Instrumented arthrodesis for non-traumatic craniocervical instability in very young children.

TitleInstrumented arthrodesis for non-traumatic craniocervical instability in very young children.
Publication TypeJournal Article
Year of Publication2019
AuthorsM Janjua B, Hwang SW, Samdani AF, Pahys JM, Baaj AA, Härtl R, Greenfield JP
JournalChilds Nerv Syst
Date Published2019 01
KeywordsArthrodesis, Atlanto-Axial Joint, Cervical Vertebrae, Child, Child, Preschool, Female, Humans, Infant, Internal Fixators, Joint Instability, Male, Occipital Bone, Postoperative Complications, Retrospective Studies, Ribs, Risk Factors, Spinal Fusion, Sutures, Titanium, Treatment Outcome

PURPOSE: Occipitocervical instrumentation is infrequently required for stabilization of the axial and subaxial cervical spine in very young children. However, when it is necessary, unique surgical considerations arise in children when compared with similar procedures in adults.

METHODS: The authors reviewed literature describing fusion of the occipitocervical junction (OCJ) in toddlers and share their experience with eight cases of young children (age less than or equal to 4 years) receiving occiput to axial or subaxial spine instrumentation and fixation. Diagnoses and indications included severe or secondary Chiari malformation, skeletal dysplastic syndromes, Klippel-Feil syndrome, Pierre Robin syndrome, Gordon syndrome, hemivertebra and atlantal occipitalization, basilar impression, and iatrogenic causes.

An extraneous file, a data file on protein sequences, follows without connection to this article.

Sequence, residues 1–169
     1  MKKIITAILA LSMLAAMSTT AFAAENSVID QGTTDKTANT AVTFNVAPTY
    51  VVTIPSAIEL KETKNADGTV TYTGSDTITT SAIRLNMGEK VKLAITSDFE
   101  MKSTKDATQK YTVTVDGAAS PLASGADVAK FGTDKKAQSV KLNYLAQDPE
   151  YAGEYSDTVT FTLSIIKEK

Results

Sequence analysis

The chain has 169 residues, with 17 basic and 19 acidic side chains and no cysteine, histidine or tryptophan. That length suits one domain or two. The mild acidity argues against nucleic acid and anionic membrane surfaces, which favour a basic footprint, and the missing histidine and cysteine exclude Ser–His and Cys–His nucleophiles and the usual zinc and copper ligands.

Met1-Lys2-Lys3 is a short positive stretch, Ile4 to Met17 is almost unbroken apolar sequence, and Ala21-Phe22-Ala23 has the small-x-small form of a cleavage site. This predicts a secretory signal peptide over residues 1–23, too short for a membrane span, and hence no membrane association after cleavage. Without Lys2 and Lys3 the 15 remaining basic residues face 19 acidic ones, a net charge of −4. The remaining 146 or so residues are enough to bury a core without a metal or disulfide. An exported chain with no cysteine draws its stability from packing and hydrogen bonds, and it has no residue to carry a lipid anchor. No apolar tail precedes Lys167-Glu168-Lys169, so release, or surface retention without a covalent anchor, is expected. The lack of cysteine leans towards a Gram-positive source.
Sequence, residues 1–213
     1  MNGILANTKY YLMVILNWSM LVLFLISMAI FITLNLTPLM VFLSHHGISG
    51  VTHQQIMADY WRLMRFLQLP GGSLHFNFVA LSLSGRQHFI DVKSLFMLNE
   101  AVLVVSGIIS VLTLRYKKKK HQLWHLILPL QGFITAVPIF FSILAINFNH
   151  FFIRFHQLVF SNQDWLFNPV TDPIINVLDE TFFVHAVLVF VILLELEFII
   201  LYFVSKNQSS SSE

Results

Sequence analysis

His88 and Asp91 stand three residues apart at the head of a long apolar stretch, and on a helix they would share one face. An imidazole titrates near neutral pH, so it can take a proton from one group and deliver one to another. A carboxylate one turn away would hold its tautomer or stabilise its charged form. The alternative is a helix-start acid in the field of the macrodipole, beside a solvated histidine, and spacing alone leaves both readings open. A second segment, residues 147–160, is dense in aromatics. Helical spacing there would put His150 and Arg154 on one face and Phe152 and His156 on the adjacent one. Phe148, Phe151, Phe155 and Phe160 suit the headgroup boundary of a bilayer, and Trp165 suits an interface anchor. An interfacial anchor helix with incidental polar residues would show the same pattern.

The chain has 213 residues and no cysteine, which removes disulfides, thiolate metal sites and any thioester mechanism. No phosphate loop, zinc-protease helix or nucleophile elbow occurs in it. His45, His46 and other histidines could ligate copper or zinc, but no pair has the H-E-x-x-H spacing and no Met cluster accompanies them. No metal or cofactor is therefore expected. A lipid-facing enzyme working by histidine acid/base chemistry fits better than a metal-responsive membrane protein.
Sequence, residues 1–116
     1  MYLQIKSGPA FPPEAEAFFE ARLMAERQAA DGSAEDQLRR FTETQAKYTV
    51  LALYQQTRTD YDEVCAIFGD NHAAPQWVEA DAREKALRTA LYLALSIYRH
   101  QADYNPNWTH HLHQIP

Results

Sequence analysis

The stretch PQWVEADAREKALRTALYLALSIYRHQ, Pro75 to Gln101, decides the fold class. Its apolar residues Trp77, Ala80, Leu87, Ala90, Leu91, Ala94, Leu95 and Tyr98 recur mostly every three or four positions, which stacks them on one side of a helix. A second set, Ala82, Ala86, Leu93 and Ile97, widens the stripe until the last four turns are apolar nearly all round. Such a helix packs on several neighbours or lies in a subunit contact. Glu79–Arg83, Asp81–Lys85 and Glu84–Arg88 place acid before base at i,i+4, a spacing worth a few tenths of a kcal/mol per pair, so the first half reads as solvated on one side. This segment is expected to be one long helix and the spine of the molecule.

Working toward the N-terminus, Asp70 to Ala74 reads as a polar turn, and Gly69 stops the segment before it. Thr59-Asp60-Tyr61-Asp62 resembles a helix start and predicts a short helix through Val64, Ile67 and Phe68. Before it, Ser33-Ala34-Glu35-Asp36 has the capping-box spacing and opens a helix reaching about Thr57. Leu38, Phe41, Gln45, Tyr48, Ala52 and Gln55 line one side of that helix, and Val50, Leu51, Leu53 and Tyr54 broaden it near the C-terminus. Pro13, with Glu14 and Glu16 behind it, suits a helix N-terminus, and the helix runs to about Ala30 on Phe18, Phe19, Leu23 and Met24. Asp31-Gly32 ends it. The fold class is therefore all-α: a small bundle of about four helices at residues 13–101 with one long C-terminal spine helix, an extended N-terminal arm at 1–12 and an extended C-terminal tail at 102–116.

RESULTS: All patients underwent occipital bone to cervical spine instrumentation and fixation at different levels. Constructs extended from the occiput to C2 and T1 utilizing various permutations of titanium rods, autologous rib autografts, Mersilene sutures, and combinations of autografts with bone matrix materials. All patients were placed in rigid cervical bracing or halo fixation postoperatively. No postoperative neurological deficits or intraoperative vascular injuries occurred.

CONCLUSION: Instrumented arthrodesis can be a treatment option in very young children to address the non-traumatic craniocervical instability while reducing the need for prolonged external halo vest immobilization. Factors affecting fusion are addressed with respect to preoperative, intraoperative, and postoperative decision-making that may be unique to the toddler population.

Alternate JournalChilds Nerv Syst
PubMed ID29959504